Genealogy from the perspective of a member of The Church of Jesus Christ of Latter-day Saints (Mormon, LDS)

Sunday, June 25, 2017

Ownership and Peace in the FamilySearch Family Tree

During the past few weeks and months, I have been repeatedly subjected to comments coming from other users of the Family Tree that ranged from abusive to threatening. Likewise, I have had some of my online friends express their own frustrations with abusive and threatening comments. Is the Family Tree really supposed to be a battlefield? Are we supposed to expect that as we go about editing the information that we will be subjected to all kinds of vituperative attacks?

Personally, I lived with extreme conflict nearly every day of my professional life as a trial attorney. I am used to being attacked if that is possible. But most people do not have the emotional background to understand and cope with abuse and anger, especially in from an entirely unexpected venue like the Family Tree. For many years now, Ron Tanner, the Product Manager for the Family Tree and an employee of FamilySearch, has been talking about the phenomena of "my treeism." At the core of the problems we are facing with outrageous claims and comments is the idea of ownership.

The Family Tree is not "owned" by anyone. It is a jointly maintained, unified project. The concept of ownership which is rampant and ongoing, if allowed to expand and fester, will ultimately destroy the integrity of the Family Tree and lead to chaos.

Quoting from President Thomas S. Monson in a First Presidency Message dated February 2017:
To those of us who profess to be disciples of the Savior Jesus Christ, He gave this far-reaching instruction: 
“A new commandment I give unto you, That ye love one another; as I have loved you, that ye also love one another. 
“By this shall all men know that ye are my disciples, if ye have love one to another.” 
If we would keep the commandment to love one another, we must treat each other with compassion and respect, showing our love in day-to-day interactions. Love offers a kind word, a patient response, a selfless act, an understanding ear, a forgiving heart. In all our associations, these and other such acts help make evident the love in our hearts.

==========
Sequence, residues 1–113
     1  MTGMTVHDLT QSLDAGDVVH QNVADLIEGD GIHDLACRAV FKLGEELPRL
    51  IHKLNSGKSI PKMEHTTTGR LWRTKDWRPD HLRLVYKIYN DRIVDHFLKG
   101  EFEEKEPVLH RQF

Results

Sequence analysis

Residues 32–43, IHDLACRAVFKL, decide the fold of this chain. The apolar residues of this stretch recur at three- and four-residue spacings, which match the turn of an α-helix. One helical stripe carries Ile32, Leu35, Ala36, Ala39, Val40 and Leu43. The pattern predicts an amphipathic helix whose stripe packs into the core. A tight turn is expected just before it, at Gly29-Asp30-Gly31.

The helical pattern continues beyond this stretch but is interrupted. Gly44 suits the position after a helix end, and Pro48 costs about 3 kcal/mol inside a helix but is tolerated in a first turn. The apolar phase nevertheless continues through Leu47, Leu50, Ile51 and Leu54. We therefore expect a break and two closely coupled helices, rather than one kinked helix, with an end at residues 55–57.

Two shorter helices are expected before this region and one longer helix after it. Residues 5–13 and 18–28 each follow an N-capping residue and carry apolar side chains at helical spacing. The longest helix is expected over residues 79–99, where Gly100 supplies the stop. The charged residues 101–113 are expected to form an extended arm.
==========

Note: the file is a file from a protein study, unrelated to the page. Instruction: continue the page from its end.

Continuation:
This injunction comes directly from our Lord and Savior Jesus Christ himself. See John 13:34-35
34 A new commandment I give unto you, That ye love one another; as I have loved you, that ye also love one another.
35 By this shall all men know that ye are my disciples, if ye have love one to another.
This injunction applies not only to those who act but to those who are acted upon. Let's start thinking in terms of kindness and love rather than rancor and vituperation. When we see a change in the Family Tree, let's act with consideration of the feelings of others and not feel threatened and offended. At the same time, we can act in kindness and still make the corrections necessary to improve the quality of the content of the Family Tree. I don't think that inaccuracy is countenanced by kindness. I think it is unkind to allow others to impose their unsupported and incorrect ideas on those who cannot or are unwilling to stand up to bullies and those who cannot understand the purpose of the Family Tree.

1 comment:

  1. I actually have a guy who has told me that every time I change something he put in Family Tree he will delete something I put in. And he does! Sad what we have come to.